Powerful land councils from Northern Territory are extensively working in opposition to the NT Government’s introduction of national park entry fees for now. The council cited the effect it could render with regards to tourism during this pandemic.
The NT Government had recently confirmed the monetizing Top End tourism drawcards namely Litchfield National Park as it will be charging international and interstate visitors during the next financial year.
Yet, the Government asserted the entry fees will not apply to Territorians taking a day trip.
However, the chief executive of the Northern Land Council (NLC), Marion Scrymgour, pointed the peak body for the Top End’s traditional owners “did not support the introduction of park-use fees at all NT parks at this time”.
According to him, “mainly because of the negative effect that could have on the tourism industry, in particular the many Aboriginal tourism operators working in the NT Parks estate,”
He added “The NLC accepts that there may come a time — particularly once the effects of the COVID-19 pandemic have decreased — when the NT Government should consult on park-use fees.”
Although, a number of traditional owners from about the Litchfield National Park have cautiously embraced the directive towards fees, yet only under the proviso there is sufficient consultation and transparency from the government.
For instance, Helen Bishop, a Koongarakan traditional owner explained that fees would be “good”, providing all of the revenue from them will be allocated towards park management and heritage protection.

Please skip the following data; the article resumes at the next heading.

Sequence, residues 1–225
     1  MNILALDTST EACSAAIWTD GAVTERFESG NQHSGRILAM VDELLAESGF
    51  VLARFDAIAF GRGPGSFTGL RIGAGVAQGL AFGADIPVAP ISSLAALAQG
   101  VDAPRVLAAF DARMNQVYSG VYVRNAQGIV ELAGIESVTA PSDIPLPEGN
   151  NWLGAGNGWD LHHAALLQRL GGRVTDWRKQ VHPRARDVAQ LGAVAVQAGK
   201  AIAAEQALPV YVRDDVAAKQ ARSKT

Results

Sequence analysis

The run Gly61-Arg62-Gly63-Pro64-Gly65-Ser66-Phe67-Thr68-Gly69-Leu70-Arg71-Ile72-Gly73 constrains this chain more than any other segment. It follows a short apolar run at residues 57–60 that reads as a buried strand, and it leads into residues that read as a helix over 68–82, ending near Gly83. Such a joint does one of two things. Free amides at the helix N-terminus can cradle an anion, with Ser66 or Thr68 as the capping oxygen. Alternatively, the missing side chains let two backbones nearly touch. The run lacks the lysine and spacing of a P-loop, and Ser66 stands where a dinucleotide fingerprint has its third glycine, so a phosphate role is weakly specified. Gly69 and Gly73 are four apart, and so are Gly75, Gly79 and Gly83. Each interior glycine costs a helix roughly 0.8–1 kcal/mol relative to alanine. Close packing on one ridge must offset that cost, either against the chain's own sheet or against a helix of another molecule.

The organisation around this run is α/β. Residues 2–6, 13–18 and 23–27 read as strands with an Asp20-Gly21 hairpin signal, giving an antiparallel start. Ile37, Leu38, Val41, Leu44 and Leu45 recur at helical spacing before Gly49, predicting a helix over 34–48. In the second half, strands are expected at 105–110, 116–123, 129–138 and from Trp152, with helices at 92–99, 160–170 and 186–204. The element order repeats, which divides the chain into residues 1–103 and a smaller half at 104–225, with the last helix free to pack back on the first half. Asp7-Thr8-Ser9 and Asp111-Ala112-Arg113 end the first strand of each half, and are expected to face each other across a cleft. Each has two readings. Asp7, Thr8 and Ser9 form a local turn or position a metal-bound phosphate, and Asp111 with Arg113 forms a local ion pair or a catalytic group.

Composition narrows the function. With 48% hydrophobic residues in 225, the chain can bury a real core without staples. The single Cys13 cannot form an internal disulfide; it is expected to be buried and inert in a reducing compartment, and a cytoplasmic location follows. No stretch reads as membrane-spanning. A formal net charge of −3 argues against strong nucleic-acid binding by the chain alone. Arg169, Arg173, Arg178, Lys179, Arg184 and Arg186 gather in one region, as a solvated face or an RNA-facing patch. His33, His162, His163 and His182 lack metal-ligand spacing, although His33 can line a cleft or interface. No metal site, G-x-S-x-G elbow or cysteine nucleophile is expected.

Yet, she then emphasized that the fees would not be of any good unless they going to set up a system that’s going to be recognizing the traditional interests in that land.
Ms. Bishop asserted that she wanted to see a new representative body to deliver inputs on exactly where future fee revenue would be lent, which is an idea echoed by other traditional owners.
In addition, Mak Mak Marranunggu traditional owner Peter Henwood pointed out he wanted to see a new board formed that will include stakeholders from the region, station owners and tourism operators.
He said “I believe if we have a board, or a type of board where everyone has a voice at the table, then it would be more transparent all around.” In line with that, Selena Uibo a spokeswoman for NT Parks Minister explained the Government would be “consulting with traditional owners, tourism operators and other stakeholders about a new online booking system and fee arrangements” in the coming weeks regarding the matter.